Fig. 3

Observations and predictions concerning the two duplications. Diagram summarizing the molecular and clinical phenotypes of the subjects under study. The duplicated regions are depicted separately from the chromosomes and connected to the breakpoints by blue lines. The inverted orientation of the duplications is shown. Representative imprinted genes are shown in blue if paternally expressed or in red if maternally expressed. Light colors are used to indicate repressed genes, full colors for active genes. Arrows indicate the orientation of transcription. Filled lollipops: methylated ICR2; open lollipops: non-methylated ICR2. Green rectangles: putative CDKN1C enhancers as reported in [16]. Note that in III-1 of family 2 it is likely that only one copy of CDKN1C is silent, but it is not possible to determine which is silent and which is active. Asterisk represents growth restriction was observed only in childhood

Both the probands mothers are carriers of the duplications but on their paternal chromosomes. The family 1 mother (II-2) was growth restricted during her infancy. This phenotype likely results from CDKN1C expression on both maternal and paternal 11p15 chromosomes (Fig. 3). No CDKN1C deregulation is expected instead in the mother of family 2 because of the KCNQ1OT1 duplication and ICR2 hypomethylation.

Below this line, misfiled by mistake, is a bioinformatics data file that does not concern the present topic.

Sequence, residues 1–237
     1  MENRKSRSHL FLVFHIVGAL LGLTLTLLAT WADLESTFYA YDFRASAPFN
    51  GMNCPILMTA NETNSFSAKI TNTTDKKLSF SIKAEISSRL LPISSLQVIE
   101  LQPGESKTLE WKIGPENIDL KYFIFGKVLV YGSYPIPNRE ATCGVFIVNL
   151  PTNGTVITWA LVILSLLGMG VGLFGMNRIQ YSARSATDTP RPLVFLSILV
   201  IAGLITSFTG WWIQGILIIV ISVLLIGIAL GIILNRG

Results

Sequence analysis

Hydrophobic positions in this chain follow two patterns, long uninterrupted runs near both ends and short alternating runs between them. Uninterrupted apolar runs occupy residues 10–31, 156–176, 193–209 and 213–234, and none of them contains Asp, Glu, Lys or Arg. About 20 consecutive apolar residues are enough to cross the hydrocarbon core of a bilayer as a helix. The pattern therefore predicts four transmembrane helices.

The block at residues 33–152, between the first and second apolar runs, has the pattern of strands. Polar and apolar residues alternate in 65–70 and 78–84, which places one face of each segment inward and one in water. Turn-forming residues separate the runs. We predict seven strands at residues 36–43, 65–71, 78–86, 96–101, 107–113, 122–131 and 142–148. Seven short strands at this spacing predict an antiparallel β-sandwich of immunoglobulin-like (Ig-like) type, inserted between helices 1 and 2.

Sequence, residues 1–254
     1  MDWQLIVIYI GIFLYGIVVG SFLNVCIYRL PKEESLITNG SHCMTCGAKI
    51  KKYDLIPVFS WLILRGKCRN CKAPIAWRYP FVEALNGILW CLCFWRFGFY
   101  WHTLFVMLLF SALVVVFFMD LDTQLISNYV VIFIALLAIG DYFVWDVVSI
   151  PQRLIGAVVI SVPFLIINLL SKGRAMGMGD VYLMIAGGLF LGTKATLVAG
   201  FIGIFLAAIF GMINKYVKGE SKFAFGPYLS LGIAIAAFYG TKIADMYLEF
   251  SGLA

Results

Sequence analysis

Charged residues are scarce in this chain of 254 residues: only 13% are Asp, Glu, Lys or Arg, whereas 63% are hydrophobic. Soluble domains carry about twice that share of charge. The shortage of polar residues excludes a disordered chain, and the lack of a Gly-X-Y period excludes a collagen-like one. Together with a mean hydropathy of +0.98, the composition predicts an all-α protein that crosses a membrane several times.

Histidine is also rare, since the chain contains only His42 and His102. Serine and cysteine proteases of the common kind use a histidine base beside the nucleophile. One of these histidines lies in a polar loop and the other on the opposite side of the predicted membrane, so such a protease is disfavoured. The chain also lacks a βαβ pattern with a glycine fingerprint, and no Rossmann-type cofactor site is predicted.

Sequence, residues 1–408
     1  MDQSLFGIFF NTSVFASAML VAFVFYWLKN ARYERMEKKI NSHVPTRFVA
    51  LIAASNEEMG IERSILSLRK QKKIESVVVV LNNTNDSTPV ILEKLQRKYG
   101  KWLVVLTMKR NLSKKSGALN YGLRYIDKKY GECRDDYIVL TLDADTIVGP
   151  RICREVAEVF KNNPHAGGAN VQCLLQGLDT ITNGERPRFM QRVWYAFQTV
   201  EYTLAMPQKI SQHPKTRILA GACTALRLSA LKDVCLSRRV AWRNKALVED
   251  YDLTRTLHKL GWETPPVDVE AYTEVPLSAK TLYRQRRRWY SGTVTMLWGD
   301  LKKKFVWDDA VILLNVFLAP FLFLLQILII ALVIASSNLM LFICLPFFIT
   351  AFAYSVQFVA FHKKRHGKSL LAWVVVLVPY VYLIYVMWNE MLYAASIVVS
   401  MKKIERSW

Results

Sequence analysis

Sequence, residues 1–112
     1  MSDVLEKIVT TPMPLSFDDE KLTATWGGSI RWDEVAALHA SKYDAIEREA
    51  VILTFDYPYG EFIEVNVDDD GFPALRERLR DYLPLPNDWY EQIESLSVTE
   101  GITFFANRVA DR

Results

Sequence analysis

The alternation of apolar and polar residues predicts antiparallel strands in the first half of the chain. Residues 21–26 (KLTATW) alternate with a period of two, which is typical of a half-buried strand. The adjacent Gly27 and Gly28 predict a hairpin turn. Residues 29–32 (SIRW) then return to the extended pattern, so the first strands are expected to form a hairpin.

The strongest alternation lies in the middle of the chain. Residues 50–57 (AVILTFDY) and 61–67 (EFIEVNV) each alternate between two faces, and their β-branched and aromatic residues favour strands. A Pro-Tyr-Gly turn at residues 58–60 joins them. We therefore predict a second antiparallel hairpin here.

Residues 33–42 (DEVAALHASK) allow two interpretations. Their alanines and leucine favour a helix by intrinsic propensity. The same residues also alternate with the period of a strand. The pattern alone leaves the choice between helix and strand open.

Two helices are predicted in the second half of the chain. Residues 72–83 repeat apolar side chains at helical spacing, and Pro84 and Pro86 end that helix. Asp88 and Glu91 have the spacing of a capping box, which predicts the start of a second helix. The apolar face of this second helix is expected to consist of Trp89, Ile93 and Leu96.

Maternal duplication of the entire centromeric domain or the entire 11p15 imprinted gene cluster is generally associated with clinical features of SRS and quite severe growth restriction (birth weight and length z scores −2.5/−7 SDS; postnatal growth restriction −2.5/−6.4 SDS; [19]). In contrast, the family 1 proband showed limited growth restriction and no other characteristics of SRS. Also, the occurrence of a compensatory growth later in development (he was 14 months old at the last examination) cannot be excluded. An even milder phenotype was observed in the second brother (III-2) of the proband, who is also a carrier of the duplication. He was of short stature in the first 3 years of life (height around 20–25th centile: 41 cm at birth, 65 cm (−1.5 SDS) at 6 months, 89 cm at 29 months (−0.5 SDS)), had hypoglycemia at birth, and was affected by ADHD. The attenuated phenotypes may be due to the limited extension of the 0.88 Mb duplication into the centromeric domain leaving out some of the putative CDKN1C enhancers (Fig. 3). It is worth to mention, however, that a mild SRS-like phenotype with ADHD was recently reported associated with a 1.9 Mb maternal duplication encompassing the entire 11p15.5 cluster [19].

Only a few other duplications encompassing partially the centromeric domain of the 11p15 imprinted gene cluster have been described so far. Two of these are 50 and 160 kb long, respectively, and both were associated with BWS upon maternal transmission. The 50-kb duplication spans from intron 1 to intron 2 of KCNQ1 and was associated with ICR2 hypomethylation [9]. The 160 kb duplication spans from intron 9 to exon 15 of KCNQ1 and included a non-methylated copy of ICR2 and the 5′ part of the KCNQ1OT1 gene [17]. In both cases, the BWS phenotype likely results from the expression of the maternal KCNQ1OT1 allele causing CDKN1C repression in cis. A complex 277 Kb rearrangement on the paternal chromosome 11p15 has been recently described associated with SRS [20]. In this case, a small portion of KCNQ1OT1 and the entire CDKN1C gene were duplicated, but these duplications were discontinuous and did not include ICR2. In this case, the SRS phenotype likely results from the unregulated expression of CDKN1C on the paternal chromosome.